Both the seed protein and seed DNA tests use bulked seed analysis and do not determine exact percentages in samples of mixed varieties. In order to determine exact percentages of varietal mixtures, single seed testing is required. That would be considered a genetic purity test.
Variety ID testing is required for all lots of spring wheat, barley and field peas submitted for final certification.
Adventitious presence is a term used to describe when one type of commodity, grain, or seed is mixed with small amounts of another commodity, grain, or seed. This commingling is generally unintentional and accidental and includes both biotech and non-biotech products. Adventitious presence can occur when a biotech product, such as a herbicide tolerant soybean, is accidentally mixed into a non-biotech product like a conventional soybean variety. Adventitious presence could also occur when two non-biotech or two biotech products are mixed.
Flow Strip Test
Flow strip tests are antibody based tests that use a support structure in the form of a stick that has imbedded antibodies for a specific trait. The flow strip is placed into a liquid sample and is allowed to absorb. A positive result is indicated if lines develop on the strip after a few minutes. Many different biotech traits can be detected using this type of test including herbicide and insect resistance. Some of the crops that can be tested for biotech traits in this manner include canola, corn, cotton, and soybean. Flow strip tests usually take less than 30 minutes.
ELISA stands for Enzyme Linked Immunosorbent Assay and is another type of antibody based test similar to a flow strip test. In this test, a plate is used that contains wells coated with a specific antibody that targets an antigen or protein of interest. In the case of adventitious presence of biotech crops, the protein could be produced by the Roundup gene in biotech soybeans. The antibody captures the protein and then allows the user to detect the protein on a plate reader. The department currently conducts ELISA tests for the detection and quantification of low levels of glyphosate (Roundup Ready®) soybean (less than 3%) in conventional soybean. ELISA tests can be performed in less than one day.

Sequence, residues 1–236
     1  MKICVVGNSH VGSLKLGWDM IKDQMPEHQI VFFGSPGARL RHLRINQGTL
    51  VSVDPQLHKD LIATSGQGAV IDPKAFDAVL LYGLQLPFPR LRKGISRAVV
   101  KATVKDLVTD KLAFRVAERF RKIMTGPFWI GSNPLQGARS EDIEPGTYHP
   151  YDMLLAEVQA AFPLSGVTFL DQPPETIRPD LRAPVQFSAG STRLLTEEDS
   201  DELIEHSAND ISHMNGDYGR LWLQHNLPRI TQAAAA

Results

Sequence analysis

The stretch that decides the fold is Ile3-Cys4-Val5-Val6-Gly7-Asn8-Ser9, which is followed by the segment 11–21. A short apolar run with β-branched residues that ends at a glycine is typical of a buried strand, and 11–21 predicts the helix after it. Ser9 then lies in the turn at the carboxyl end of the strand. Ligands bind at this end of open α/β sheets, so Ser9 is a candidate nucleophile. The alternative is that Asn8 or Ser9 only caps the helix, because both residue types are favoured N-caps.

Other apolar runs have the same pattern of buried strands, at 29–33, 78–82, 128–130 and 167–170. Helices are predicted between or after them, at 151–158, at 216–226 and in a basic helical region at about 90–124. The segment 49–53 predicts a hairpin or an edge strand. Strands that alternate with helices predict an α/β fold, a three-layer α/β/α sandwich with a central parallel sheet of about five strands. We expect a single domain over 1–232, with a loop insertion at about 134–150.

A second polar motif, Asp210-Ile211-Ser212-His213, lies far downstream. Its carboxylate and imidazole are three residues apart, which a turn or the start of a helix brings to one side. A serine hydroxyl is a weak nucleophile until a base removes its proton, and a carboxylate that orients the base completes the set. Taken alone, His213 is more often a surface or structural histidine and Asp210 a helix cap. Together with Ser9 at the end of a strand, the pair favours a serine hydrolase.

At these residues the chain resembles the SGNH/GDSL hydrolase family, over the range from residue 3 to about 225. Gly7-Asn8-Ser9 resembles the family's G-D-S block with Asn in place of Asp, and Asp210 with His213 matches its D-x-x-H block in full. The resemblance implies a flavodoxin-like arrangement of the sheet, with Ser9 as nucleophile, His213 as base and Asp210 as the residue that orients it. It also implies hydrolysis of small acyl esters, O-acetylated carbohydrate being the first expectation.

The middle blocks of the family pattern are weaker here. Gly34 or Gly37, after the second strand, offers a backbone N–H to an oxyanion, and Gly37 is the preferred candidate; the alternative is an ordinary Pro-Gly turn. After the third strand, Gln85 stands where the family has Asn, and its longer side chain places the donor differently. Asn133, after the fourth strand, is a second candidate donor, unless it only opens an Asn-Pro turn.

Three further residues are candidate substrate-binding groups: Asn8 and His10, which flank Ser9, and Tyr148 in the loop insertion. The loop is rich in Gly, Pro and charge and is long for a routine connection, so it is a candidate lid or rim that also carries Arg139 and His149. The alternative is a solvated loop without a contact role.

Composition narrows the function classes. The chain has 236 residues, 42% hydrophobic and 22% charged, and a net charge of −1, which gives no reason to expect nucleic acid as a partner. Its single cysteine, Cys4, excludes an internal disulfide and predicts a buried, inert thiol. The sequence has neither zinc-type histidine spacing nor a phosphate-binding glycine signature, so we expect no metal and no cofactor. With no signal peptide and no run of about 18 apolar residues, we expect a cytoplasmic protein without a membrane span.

Flow strip tests and ELISA tests detect proteins that are produced by a biotech trait. A DNA test actually targets the gene of the biotech trait or regions next to the gene using the process of PCR (polymerase chain reaction) to detect this area of interest. This test is very specific and can be used in a qualitative form (presence or absence) or a quantitative form (exact percentage) of a particular biotech trait. Many different biotech traits can be detected in this manner including those from corn, cotton, canola, and soybean. DNA tests are sensitive and can detect small amounts of biotech traits in a sample. DNA tests can be performed in 1-2 days depending upon the sample. The Seed Department currently conducts a qualitative DNA test in soybean for the presence or absence of the Roundup Ready gene.
Herbicide bioassay tests can also be used to detect an adventitious presence in a sample. Most herbicide tolerant crops have bioassay tests that are designed to verify that a seed source has a minimum acceptable level of herbicide tolerance. These same tests can be used to identify the presence of a herbicide tolerant trait in a conventional sample. Bioassay tests usually take 7 days to complete. The Seed Department offers several different types of herbicide bioassay tests including Roundup Ready soybean and canola, Liberty Link canola, and Clearfield wheat, canola, and sunflower.